the Dulat-Dur­rani joint-ven­ture. While Pak­istan re­acted openly and put re­stric­tions on Dur­rani, the In­dian es­tab­lish­ment choose to keep mum. How­ever, for­mer sleuths that this re­viewer spoke to were crit­i­cal of the book. They felt that it was mere gos­sip and not gen­er­ous on facts. The cur­rent In­dian NSA, Ajit Do­val, fig­ures in the dis­course. Dur­rani, re­call­ing Do­val’s stint in Pak­istan, is not very com­fort­able with his per­sona. But Dulat heaps praises on Do­val. How­ever, In­tel­li­gence Bu­reau (IB) hands, who worked with Do­val and Dulat, do not re­call any great chem­istry be­tween the two. For­mer RAW hands re­call that when Dulat headed the agency, af­ter a life­time in IB, he had hinted that he would pre­fer if Do­val, who han­dled Kash­mir in IB those days, be kept out of the loop on some op­er­a­tions in Kash­mir, es­pe­cially cen­tring around the Hur­riyat.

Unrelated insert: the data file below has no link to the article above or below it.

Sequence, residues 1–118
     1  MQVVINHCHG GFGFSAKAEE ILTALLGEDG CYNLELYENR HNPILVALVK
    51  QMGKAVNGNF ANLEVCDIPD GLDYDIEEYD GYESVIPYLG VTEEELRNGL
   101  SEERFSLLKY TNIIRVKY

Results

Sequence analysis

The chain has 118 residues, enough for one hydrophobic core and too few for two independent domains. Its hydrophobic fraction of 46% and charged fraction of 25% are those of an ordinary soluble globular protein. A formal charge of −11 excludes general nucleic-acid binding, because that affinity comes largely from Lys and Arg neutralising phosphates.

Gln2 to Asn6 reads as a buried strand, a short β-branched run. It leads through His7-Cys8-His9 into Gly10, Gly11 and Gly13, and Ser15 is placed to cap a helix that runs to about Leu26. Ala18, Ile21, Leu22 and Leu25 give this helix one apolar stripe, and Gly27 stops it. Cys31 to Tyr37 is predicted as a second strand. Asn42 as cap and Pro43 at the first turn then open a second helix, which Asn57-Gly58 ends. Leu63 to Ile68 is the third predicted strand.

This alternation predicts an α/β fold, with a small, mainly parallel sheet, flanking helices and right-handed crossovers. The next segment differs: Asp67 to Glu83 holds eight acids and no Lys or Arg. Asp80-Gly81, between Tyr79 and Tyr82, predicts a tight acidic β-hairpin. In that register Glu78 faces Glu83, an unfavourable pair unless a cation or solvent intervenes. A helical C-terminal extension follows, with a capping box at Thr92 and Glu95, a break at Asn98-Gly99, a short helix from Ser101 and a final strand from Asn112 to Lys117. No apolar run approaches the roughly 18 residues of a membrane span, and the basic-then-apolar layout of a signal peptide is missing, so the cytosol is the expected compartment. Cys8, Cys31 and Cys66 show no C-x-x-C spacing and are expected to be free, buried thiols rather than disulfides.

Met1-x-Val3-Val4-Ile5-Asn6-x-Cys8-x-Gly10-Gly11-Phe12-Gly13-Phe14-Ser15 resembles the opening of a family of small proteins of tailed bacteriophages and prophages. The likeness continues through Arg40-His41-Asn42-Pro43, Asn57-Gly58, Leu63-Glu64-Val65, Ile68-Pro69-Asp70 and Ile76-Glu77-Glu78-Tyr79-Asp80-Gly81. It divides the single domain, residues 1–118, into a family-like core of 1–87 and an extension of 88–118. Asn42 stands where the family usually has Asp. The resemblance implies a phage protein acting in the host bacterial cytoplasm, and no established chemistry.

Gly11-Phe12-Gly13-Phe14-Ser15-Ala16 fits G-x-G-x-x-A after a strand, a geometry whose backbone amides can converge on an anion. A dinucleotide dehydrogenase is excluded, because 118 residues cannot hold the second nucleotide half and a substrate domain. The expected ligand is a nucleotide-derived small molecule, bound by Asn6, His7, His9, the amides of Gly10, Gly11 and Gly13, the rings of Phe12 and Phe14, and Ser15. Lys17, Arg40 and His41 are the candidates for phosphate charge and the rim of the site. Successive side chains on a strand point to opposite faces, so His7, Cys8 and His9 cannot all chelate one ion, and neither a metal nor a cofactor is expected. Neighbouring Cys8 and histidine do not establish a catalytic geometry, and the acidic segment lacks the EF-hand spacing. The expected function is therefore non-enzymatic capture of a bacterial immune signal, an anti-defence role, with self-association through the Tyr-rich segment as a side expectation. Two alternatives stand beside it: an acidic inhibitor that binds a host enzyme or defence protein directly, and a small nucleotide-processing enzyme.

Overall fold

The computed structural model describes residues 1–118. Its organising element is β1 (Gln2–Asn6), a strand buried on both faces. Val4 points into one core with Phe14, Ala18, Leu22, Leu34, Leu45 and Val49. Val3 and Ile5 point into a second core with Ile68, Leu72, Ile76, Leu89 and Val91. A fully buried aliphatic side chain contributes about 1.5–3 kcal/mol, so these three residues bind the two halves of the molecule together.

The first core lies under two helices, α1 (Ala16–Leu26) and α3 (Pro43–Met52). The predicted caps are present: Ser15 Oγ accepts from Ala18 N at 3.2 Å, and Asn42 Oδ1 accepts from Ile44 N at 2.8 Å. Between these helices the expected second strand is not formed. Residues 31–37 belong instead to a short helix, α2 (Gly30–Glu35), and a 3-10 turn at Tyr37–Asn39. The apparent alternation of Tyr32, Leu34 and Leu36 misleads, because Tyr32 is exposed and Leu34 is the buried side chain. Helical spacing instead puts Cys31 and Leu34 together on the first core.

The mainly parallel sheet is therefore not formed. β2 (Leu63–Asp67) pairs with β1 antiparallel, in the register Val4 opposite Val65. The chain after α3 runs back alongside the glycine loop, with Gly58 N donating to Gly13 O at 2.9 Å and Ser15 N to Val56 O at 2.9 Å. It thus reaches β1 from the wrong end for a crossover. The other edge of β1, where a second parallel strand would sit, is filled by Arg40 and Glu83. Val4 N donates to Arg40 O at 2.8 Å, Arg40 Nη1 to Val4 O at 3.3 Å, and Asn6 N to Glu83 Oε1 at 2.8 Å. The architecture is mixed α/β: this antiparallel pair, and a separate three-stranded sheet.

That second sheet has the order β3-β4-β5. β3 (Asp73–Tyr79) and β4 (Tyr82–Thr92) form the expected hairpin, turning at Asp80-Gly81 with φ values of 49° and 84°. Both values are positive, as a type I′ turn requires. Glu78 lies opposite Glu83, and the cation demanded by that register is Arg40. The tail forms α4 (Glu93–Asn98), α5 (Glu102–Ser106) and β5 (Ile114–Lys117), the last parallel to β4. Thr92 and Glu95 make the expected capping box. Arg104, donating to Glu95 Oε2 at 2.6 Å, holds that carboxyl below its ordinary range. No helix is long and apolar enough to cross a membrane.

IN the book, while talk­ing pos­i­tively about Do­val, Dulat con­fesses that he has not met the for­mer in his present NSA days. Ap­par­ently, while Dulat was pow-wow­ing with Dur­rani in Is­tan­bul, Bangkok and Kath­mandu, he did not feel the ne­ces­sity to brief Do­val in New Delhi. Dulat is open about dis­cussing the In­dian se­cu­rity es­tab­lish­ment, in­clud­ing fis­sures be­tween the IB and RAW. Dur­rani re­mains de­fen­sive about the Pak­istani es­tab­lish­ment and does not di­vulge much in his guarded an­swers. Dulat has no rea­son to worry in In­dia as he is re­spected for the work he did in Kash­mir and for his book, Kash­mir: The Va­j­payee Years, in which he has em­pha­sised that “em­pa­thy is the key to un­der­stand­ing Kash­mir”, which is echoed in this book as well. Dur­rani had rea­sons to be guarded. He is be­ing probed in Pak­istan for what is known as “Mehran­gate”. It’s al­leged that the ISI chief, along with the then Army chief, Mirza As­lam Beg, used funds pro­cured from Mehran Bank to in­flu­ence the 1990 elec­tion to the detri­ment of the late Be­nazir Bhutto. As in In­dia, the ju­di­cial process in Pak­istan moves at its own pace. In 2012, the Pak­istan Supreme Court held the duo guilty in the case filed by re­tired Air Mar­shal As­ghar Khan in 1996. It was al­leged that Rs 14 crore was spent by the Army and ISI to in­flu­ence the 1990 elec­tions in which Nawaz Sharif ousted Bhutto. The book has given the Pak­istan es­tab­lish­ment a rea­son to look at the case closely now, and led the Pak­istan GHQ to sum­mon Dur­rani. Sharif ’s rev­e­la­tion that the ISI had a hand in 26/11 has put Pak­istan on the back foot. The Dur­rani-Dulat book is the last straw on the camel’s back. Iron­i­cally, nowhere in the book Mehran­gate finds a men­tion. Post-launch, Dulat hogged the head­lines, but he was silent on Mehran­gate. In­ci­den­tally, he ad­mits that money was used in Kash­mir when he worked for the IB. But, un­like Dur­rani, there are no charges against his pro­bity. While be­ing crit­i­cal of this book, his for­mer col­leagues in IB and RAW vouch for his straight­for­ward­ness. The ISI was formed soon af­ter in­de­pen­dence in 1947, while the RAW was bi­fur­cated from IB in Septem­ber 1968. The ISI has been re­ferred to as Pak­istan’s “Deep State”—Dulat prefers to call it “a State within a State”. RAW, though looked at with awe and sus­pi­cion in In­dia, has not been ever ac­cused as a “Deep State”. Un­like the ISI, which is con­trolled by the mil­i­tary, RAW is a civil­ian setup, and re­ports to the Cabi­net Sec­re­tary. In its for­ma­tive years, as the 1969 Congress split fol­lowed within a year of its for­ma­tion, the op­po­si­tion in In­dia viewed the RAW as Indira Gandhi’s Prae­to­rian Guards. This led Mo­rarji De­sai to cause ir­re­triev­able dam­age to the or­gan­i­sa­tion when he be­came PM in 1977.